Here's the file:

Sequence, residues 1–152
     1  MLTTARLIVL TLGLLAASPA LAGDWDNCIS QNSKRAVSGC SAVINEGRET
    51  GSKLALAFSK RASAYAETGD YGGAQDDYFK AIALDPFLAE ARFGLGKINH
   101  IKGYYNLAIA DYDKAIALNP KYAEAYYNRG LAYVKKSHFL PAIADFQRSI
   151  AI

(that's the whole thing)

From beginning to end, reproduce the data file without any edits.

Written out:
Sequence, residues 1–152
     1  MLTTARLIVL TLGLLAASPA LAGDWDNCIS QNSKRAVSGC SAVINEGRET
    51  GSKLALAFSK RASAYAETGD YGGAQDDYFK AIALDPFLAE ARFGLGKINH
   101  IKGYYNLAIA DYDKAIALNP KYAEAYYNRG LAYVKKSHFL PAIADFQRSI
   151  AI